On ViewM 2 3
No Can Do
February 12 – April 11, 2021
Staggered across the corridor-like space of M 2 3 are the discrete sculptures of Bat-Ami Rivlin’s first solo exhibition at the gallery. Composed of single-use industrial materials like springs, coils, wires, zip ties, netting, yellow foam, remesh sheets, and duct tape, as well as a partially deflated kayak, “grab lines,” “grab handles,” and a gate, the sculptures seem to play games with the format of the readymade while suggesting an uneasy relationship between utility and objecthood. These materials are broken, stretched, and bound together in ways contrary to their intended purposes. The gestalt of each sculpture, irreducible to the sum of its parts, is bent into something distinctly alien and useless under the particular pressure Rivlin exerts. An ontological problem seems to lie at the heart of this work, which stands at the threshold of utilization and decay.
A particular sustained tension defines the exhibition. This comes across most clearly in the three small wall works at the front of the gallery collectively referred to as Untitled (wire, spring) (2020–21). They are composed of simple bent wire precariously clasped together with springs, seeming as though they might come loose at any time and cause the wires to snap back with force. This tension is the result of the decisive alteration of a material that is meant to clasp and hold, but to no real end. Untitled (remesh, 4 springs, net, zip locks) (2019) does the same. Netting is stretched across a curved wire frame; springs press against the net, causing it to become taut. Such physical tension is reflected in the sculptures’ relationship to past and future: they are suspended between origin and end, without aim. The only piece that does not reflect this tension as clearly is Untitled (metal gate, yellow foam, duct tape) (2019). It is awkward, a dumb interjection into space. The gate has been pulled from its proper place at the entrance to a fenced area, and as if to add insult to injury, the locking mechanism is replaced by soft and ineffective yellow foam that only increases the gate’s already abject obtuseness.
The centerpiece of the show, Untitled (inflatable kayak, zip ties) (2020) is, like all the works, untitled but designated with a list of materials. While idiosyncratic, this decision seems to reflect Rivlin’s desire to present objects themselves without indicating what each sculpture should signify. In the case of Untitled (inflatable kayak, zip ties) a physical, even practical, relationship to the visitor is arranged. According to Rivlin, her sculptures “are bound to themselves. Whatever they do is what they do and what they are. They collapse between what they are as objects and what they are as actions.” The kayak is punctured in the middle, which would cause it to deflate were it not for the patchwork of zip ties holding it together. Through the “action,” as Rivlin puts it, of tying down the middle of the kayak, these materials cancel each other out, creating a negative scenario out of what would appear to be two positives: proper use of the zip ties, to hold fast, keeping the kayak inflated. While ultimately this is a poor solution to the problem from the perspective of utility, it does serve to bring attention to the present-at-hand-ness of the object broken and divorced from its appropriate context. Similarly, Untitled (grab lines, grab handles) (2021) represents a kind of pure possibility. Its title suggests a tactile association between the two grabbable parts which in their proper contexts are used for completely different purposes, one a safety attachment for the kayak and the other intended to assist disabled people with getting in and out of the shower. Through their embrace (literally grabbing each other) the two objects together form a new indeterminate object which is itself neither useful nor completely useless.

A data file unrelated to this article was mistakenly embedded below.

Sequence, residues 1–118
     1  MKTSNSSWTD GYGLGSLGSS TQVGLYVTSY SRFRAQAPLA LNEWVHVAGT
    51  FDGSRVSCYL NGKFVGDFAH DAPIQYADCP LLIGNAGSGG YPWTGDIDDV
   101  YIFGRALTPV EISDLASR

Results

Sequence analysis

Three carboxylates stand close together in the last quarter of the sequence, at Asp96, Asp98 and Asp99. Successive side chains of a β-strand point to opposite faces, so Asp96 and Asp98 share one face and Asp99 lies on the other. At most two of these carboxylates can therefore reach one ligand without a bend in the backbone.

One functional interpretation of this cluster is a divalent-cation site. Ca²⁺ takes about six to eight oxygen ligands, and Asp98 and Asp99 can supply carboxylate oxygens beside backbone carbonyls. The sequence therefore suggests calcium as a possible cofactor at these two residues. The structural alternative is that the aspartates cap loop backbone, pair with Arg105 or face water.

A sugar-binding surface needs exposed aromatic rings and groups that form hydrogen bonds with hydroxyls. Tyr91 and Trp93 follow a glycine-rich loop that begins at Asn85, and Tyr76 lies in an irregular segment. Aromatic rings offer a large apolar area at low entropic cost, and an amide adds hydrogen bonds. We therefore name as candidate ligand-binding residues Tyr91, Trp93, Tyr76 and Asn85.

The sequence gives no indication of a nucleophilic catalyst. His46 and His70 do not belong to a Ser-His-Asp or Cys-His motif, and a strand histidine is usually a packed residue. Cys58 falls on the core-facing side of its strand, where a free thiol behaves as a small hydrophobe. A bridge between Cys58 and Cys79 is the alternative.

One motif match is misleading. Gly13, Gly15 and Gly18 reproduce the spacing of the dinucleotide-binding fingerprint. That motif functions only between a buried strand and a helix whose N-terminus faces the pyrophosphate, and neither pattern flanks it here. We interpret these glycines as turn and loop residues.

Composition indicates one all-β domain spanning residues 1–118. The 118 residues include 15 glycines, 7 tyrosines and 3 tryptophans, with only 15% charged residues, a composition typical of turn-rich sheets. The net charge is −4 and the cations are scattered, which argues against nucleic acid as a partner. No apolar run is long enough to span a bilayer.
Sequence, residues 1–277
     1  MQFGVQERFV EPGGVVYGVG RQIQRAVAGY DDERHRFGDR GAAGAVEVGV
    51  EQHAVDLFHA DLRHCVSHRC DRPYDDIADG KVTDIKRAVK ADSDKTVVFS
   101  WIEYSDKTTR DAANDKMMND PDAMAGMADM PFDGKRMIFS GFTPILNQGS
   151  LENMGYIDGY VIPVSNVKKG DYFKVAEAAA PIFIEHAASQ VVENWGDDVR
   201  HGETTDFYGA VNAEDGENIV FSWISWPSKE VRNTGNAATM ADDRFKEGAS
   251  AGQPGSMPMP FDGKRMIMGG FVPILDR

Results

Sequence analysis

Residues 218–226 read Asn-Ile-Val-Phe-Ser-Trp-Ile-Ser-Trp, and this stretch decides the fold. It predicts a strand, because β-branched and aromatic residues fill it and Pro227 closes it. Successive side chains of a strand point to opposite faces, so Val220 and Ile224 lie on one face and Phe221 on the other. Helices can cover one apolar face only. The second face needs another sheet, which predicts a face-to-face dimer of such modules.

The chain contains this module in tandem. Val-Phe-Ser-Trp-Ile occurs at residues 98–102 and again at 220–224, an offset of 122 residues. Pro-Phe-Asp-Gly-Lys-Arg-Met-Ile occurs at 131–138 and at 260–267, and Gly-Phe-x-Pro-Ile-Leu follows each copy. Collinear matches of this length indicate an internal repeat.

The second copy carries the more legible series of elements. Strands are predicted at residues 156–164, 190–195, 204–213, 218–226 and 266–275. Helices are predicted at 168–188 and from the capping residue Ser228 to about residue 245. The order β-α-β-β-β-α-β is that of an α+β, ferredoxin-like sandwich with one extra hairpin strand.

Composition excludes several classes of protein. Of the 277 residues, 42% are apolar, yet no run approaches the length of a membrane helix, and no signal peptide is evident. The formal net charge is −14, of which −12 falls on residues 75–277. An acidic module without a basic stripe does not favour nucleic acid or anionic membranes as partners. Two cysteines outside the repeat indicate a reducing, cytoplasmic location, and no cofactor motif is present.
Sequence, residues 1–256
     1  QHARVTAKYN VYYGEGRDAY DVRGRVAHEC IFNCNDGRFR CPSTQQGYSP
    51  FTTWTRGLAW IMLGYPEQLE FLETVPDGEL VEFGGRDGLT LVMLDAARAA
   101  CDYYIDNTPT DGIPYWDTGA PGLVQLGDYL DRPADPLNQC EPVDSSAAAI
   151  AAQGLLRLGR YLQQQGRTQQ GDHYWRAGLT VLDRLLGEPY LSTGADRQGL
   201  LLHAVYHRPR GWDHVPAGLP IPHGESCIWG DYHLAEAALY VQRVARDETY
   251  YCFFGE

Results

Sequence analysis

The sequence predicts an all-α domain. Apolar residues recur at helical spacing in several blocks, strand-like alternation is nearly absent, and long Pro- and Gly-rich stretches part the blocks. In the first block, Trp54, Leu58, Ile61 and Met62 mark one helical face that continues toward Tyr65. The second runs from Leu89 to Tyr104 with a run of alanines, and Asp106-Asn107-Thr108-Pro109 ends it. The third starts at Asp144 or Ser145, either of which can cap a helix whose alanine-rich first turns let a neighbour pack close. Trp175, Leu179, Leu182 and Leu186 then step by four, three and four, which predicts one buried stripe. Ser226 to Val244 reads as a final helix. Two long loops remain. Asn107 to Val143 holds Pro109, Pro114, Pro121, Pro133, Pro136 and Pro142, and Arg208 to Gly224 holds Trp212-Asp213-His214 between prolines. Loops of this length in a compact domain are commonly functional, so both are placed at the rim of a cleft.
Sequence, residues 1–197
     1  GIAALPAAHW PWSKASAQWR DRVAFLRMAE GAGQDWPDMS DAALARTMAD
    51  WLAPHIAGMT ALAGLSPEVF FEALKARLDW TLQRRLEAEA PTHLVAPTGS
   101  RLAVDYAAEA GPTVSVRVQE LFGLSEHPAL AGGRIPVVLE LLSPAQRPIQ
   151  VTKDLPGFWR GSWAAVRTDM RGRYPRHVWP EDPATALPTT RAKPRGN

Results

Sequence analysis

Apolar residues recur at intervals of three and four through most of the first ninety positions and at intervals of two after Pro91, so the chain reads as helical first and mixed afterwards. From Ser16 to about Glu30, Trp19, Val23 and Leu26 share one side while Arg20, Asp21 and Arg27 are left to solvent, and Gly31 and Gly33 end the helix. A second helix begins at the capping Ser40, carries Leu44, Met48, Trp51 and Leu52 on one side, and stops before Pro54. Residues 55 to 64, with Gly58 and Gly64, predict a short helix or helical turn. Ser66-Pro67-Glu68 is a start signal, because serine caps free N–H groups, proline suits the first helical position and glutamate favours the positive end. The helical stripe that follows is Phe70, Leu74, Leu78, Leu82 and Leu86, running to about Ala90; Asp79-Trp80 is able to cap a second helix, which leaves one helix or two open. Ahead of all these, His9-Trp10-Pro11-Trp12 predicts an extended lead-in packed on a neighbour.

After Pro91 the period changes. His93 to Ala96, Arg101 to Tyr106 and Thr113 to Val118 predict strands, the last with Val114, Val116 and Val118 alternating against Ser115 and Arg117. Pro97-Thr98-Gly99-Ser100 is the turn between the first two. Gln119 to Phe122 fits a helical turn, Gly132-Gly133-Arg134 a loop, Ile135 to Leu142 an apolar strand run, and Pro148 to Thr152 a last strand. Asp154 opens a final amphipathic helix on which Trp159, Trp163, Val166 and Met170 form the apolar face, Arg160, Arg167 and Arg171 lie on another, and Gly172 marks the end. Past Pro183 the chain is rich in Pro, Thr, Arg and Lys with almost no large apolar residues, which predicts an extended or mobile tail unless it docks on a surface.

I see an affinity in Rivlin’s work with contemporary sculptors like Nicole Wermers or Michael E. Smith, but Rivlin’s work also takes a different path. For example, Wermers presents utilitarian objects in sleek contest with each other, or simply as they are untouched, a defiant approach which follows more faithfully the readymade style. Smith manipulates his materials more; however, they ultimately read like jokes, relying heavily on surprise. When he attempts to bring attention to faulty objects, or brokenness, it is with a certain dark sense of humor. But Rivlin abandons the impulse to make unlikely or surprising combinations of things convey a message, or play a role, if even a small one. The sculptures rather act out on their own, bringing attention to a permanent wound they share, not broken, repurposed, or fixed, but indefinitely repairable.